Laboratory for Optical and Computational Instrumentation
Laboratory for Optical and Computational Instrumentation
Gehler S.,Augustana College at Rock Island |
Ponik S.M.,University of Wisconsin - Madison |
Ponik S.M.,Laboratory for Optical and Computational Instrumentation |
Riching K.M.,Laboratory for Optical and Computational Instrumentation |
And 3 more authors.
Critical Reviews in Eukaryotic Gene Expression | Year: 2013
Cell transformation and tumor progression involve a common set of acquired capabilities, including increased proliferation, failure of cell death, self-sufficiency in growth, angiogenesis, and tumor cell invasion and metastasis. The stromal environment consists of many cell types and various extracellular matrix (ECM) proteins that support normal tissue maintenance and which have been implicated in tumor progression. Both the chemical and mechanical properties of the ECM have been shown to influence normal and malignant cell behavior. For instance, mesenchymal stem cells differentiate into specific lineages that are dependent on matrix stiffness, while tumor cells undergo changes in cell behavior and gene expression in response to matrix stiffness. ECM remodeling is implicated in tumor progression and can result in increased deposition of stromal ECM, enhanced contraction of ECM fibrils, and altered collagen alignment and ECM stiffness. Tumor cells respond to changes in ECM remodeling through altered intracellular signaling and cell cycle control that lead to enhanced proliferation, loss of normal tissue architecture, and local tumor cell migration and invasion. This review focuses on the bi-directional interplay between the mechanical properties of the ECM and integrin-mediated signal transduction events in an effort to elucidate cell behaviors during tumor progression. © 2013 Begell House, Inc.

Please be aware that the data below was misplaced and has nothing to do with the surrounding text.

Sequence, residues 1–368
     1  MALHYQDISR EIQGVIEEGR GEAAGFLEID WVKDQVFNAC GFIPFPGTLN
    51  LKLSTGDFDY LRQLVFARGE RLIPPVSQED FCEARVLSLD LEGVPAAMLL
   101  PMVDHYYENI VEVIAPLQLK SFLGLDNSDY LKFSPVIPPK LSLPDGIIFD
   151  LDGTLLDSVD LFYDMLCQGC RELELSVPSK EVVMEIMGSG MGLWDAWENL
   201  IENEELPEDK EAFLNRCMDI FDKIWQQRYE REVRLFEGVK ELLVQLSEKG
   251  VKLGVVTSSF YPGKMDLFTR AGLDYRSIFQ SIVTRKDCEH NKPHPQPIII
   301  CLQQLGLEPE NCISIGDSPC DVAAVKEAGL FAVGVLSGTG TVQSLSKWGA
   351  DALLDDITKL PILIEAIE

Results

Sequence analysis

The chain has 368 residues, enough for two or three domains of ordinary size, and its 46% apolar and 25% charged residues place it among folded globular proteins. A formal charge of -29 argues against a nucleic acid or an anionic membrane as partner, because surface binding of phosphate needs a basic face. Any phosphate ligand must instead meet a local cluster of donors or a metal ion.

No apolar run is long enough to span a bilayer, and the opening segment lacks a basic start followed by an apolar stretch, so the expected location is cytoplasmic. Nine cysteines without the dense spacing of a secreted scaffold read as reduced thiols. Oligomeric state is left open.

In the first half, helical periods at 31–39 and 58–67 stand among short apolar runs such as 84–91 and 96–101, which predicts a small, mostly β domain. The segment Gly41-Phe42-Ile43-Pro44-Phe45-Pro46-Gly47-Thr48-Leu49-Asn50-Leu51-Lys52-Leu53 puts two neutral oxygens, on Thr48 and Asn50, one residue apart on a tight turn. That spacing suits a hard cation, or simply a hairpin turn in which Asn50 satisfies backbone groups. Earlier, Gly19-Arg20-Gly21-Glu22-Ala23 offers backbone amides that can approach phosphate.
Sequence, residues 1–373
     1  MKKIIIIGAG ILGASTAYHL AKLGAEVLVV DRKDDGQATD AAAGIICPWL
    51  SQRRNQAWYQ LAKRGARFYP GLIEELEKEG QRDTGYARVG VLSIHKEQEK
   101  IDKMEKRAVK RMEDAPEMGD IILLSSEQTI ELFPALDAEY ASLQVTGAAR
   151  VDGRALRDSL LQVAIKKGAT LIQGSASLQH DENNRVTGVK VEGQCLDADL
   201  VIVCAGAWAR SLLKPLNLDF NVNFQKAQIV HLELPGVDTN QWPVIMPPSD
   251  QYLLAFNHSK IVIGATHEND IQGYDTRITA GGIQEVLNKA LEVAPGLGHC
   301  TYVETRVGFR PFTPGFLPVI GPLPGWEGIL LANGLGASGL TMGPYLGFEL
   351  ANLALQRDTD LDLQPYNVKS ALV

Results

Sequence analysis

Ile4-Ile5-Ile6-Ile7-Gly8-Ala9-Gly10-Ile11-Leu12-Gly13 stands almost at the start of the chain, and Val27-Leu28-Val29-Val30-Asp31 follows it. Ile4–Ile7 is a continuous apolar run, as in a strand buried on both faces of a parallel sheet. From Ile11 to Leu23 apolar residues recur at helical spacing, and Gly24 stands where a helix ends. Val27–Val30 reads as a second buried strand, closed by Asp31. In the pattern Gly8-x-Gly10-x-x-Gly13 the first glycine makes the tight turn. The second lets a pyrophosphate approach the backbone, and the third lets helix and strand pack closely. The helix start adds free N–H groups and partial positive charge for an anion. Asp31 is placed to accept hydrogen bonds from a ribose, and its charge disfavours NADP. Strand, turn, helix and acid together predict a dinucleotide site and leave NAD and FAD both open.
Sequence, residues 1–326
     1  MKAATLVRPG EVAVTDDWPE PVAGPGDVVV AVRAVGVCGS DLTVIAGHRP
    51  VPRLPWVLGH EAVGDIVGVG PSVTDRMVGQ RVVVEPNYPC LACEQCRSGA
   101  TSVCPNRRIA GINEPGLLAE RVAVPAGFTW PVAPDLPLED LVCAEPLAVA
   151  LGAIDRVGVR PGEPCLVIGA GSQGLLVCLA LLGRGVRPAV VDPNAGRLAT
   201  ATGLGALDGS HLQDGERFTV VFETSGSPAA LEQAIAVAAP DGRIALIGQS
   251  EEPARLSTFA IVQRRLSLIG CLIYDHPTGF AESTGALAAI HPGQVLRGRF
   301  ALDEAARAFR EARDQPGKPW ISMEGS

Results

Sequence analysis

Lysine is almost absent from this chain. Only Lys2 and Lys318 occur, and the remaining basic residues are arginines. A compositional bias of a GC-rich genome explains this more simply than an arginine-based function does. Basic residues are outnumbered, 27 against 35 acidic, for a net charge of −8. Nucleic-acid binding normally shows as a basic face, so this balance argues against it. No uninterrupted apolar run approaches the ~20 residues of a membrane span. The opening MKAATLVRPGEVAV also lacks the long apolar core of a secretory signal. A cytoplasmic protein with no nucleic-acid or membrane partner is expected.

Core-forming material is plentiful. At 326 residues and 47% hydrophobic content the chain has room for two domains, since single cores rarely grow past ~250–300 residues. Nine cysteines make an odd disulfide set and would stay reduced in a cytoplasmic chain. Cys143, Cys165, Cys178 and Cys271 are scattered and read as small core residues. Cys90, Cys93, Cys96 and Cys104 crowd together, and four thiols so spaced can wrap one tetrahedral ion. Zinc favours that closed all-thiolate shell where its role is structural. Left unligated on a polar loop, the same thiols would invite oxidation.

Li C.,University of Wisconsin - Madison |
Hall G.,University of Wisconsin - Madison |
Hall G.,Laboratory for Optical and Computational Instrumentation |
Zeng X.,University of Wisconsin - Madison |
And 5 more authors.
Applied Physics Letters | Year: 2011
We demonstrate three-dimensional (3D) surface profiling of the water-oil interface in a tunable liquid microlens using a Shack-Hartmann wave front sensor. The principles and the optical setup for achieving 3D surface measurements are presented and a hydrogel-actuated liquid lens was measured at different focal lengths. The 3D surface profiles are then used to study the optical properties of the liquid lens. Our method of 3D surface profiling could foster the improvement of liquid lens design and fabrication, including surface treatment and aberration reduction. © 2011 American Institute of Physics.
Ajeti V.,University of Wisconsin - Madison |
Ajeti V.,Laboratory for Optical and Computational Instrumentation |
Lien C.-H.,University of Wisconsin - Madison |
Chen S.-J.,National Cheng Kung University |
And 12 more authors.
Optics Express | Year: 2013
Multiphoton excited photochemistry is a powerful 3D fabrication tool that produces sub-micron feature sizes. Here we exploit the freeform nature of the process to create models of the extracellular matrix (ECM) of several tissues, where the design blueprint is derived directly from high resolution optical microscopy images (e.g. fluorescence and Second Harmonic Generation). To achieve this goal, we implemented a new form of instrument control, termed modulated raster scanning, where rapid laser shuttering (10 MHz) is used to directly map the greyscale image data to the resulting protein concentration in the fabricated scaffold. Fidelity in terms of area coverage and relative concentration relative to the image data is 95%. We compare the results to an STL approach, and find the new scheme provides significantly improved performance. We suggest the method will enable a variety of cell-matrix studies in cancer biology and also provide insight into generating scaffolds for tissue engineering. ©2013 Optical Society of America.